International

China announces $31 million aid package for Afghanistan

China Afghanistan

China has offered Afghanistan 200 million yuan ($31 million, £22 million) in aid, including food and coronavirus vaccines. 

Beijing has stated that it is willing to maintain contact with the Taliban government. 

It went on to say that forming a new administration was a “essential step” toward restoring order in Afghanistan. 

Last Monday, the Taliban announced the formation of an administration and called the country a “Islamic Emirate.” 

President Joe Biden of the United States has stated that the US is still “a long way off” from recognizing the Taliban government. 

Meanwhile China has been quick to step in. 

Read more: Pakistan announces humanitarian assistance for people of Afghanistan

At a meeting on Wednesday with officials from several of Afghanistan’s neighbours, including Pakistan, Iran, Tajikistan, Uzbekistan, and Turkmenistan, Chinese Foreign Minister Wang Yi announced the relief measures for Afghanistan. 

He urged these countries to work together to aid Afghanistan, adding that China would assist the country with 3 million vaccination doses. 

China has also expressed its displeasure with the US exit, claiming that its forces have “wreaked havoc” in Afghanistan.

 China and Pakistan quick to provide relief to Afghanistan 

According to a state source, the US has caused “significant damage to the Afghan people from the very first day of its invasion until the very last minute of its withdrawal.”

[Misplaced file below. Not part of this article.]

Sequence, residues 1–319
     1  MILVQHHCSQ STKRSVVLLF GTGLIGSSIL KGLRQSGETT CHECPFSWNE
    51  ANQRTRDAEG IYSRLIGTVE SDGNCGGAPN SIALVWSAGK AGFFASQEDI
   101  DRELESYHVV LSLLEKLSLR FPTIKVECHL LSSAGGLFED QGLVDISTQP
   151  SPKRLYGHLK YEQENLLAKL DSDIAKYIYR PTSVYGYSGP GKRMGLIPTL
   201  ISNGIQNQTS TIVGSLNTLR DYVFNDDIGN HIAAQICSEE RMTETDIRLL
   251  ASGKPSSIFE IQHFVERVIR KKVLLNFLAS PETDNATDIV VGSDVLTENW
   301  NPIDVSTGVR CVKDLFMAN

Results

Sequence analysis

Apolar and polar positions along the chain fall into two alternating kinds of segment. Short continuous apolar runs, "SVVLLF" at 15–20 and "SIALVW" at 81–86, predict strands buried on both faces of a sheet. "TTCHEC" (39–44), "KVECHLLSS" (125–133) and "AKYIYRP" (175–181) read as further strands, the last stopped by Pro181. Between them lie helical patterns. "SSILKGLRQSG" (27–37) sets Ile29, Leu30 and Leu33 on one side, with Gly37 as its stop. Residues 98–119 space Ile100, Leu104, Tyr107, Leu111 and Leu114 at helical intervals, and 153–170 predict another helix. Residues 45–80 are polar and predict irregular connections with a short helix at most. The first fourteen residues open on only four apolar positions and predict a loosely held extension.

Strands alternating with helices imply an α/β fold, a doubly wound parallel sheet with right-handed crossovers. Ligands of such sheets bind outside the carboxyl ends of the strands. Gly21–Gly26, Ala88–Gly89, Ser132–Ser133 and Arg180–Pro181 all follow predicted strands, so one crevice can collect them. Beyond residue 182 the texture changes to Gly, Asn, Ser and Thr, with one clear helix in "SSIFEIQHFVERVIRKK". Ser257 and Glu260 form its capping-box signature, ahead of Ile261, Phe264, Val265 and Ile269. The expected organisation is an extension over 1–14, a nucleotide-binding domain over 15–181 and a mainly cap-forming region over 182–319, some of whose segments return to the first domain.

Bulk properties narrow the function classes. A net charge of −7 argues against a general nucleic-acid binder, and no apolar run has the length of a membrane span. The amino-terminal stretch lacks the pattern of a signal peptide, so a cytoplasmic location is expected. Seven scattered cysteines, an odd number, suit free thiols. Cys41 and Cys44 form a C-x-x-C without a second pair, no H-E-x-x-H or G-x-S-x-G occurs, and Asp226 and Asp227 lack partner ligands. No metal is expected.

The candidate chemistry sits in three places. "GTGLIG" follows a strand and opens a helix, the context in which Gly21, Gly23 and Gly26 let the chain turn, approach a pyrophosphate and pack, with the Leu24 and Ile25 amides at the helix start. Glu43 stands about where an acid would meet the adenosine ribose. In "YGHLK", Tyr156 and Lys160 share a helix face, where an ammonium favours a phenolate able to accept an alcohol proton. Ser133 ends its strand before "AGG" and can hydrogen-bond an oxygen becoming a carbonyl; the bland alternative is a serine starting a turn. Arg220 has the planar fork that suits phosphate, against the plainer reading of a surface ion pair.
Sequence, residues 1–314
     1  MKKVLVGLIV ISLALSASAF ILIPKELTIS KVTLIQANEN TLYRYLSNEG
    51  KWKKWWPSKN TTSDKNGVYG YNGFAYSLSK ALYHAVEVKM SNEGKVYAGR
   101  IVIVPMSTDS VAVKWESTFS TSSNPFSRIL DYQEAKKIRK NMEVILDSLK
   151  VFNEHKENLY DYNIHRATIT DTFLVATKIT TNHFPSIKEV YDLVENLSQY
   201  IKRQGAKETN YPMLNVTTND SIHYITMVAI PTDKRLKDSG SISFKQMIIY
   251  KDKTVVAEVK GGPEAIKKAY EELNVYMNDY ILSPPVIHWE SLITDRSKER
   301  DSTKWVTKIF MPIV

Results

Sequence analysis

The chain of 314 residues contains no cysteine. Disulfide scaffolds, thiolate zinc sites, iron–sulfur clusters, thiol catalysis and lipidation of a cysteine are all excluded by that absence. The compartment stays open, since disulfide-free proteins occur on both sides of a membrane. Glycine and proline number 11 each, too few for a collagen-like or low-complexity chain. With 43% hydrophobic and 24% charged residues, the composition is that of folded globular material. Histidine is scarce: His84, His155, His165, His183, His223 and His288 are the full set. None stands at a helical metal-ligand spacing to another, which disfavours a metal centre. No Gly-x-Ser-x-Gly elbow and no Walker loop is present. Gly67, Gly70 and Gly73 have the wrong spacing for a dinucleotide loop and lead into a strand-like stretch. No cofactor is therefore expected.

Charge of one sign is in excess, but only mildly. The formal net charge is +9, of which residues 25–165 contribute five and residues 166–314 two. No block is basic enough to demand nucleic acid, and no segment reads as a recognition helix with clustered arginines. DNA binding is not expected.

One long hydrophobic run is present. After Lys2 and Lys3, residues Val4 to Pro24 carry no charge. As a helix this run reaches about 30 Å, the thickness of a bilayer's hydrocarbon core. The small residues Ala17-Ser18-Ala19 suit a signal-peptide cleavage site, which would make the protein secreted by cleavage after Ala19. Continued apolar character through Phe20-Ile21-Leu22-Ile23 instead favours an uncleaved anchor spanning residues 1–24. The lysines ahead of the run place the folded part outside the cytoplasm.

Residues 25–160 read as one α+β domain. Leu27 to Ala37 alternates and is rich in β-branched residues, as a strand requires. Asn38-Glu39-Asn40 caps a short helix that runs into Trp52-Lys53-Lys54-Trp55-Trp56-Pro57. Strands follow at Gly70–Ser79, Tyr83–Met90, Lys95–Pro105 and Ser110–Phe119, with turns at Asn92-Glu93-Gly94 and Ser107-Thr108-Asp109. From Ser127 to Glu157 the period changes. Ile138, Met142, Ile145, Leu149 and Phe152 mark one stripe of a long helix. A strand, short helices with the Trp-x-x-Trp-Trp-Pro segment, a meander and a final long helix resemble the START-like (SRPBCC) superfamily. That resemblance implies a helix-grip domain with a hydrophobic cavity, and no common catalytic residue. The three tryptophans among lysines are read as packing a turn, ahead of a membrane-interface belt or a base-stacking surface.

“What the United States has done in Afghanistan over the last two decades is a textbook illustration of the effects of indiscriminate military involvement and attempts to impose one’s own ideology and values on others,” said Wang Wenbin, a spokesperson for the Foreign Ministry

Taliban officials have referred to China as Afghanistan’s most significant ally, pinning their hopes on Chinese investment and assistance in rebuilding the war-ravaged country. 

Beijing has made significant attempts to build positive relationships with the Taliban. 

Even before the Taliban seized power in Afghanistan, China summoned Taliban representatives to Beijing for discussions in July, promising economic aid but emphasizing that Afghanistan should not be used as a staging ground for terrorists. 

However, Beijing has struggled to persuade those Chinese citizens who are opposed to the Taliban to join this cautious cooperation. 

To Top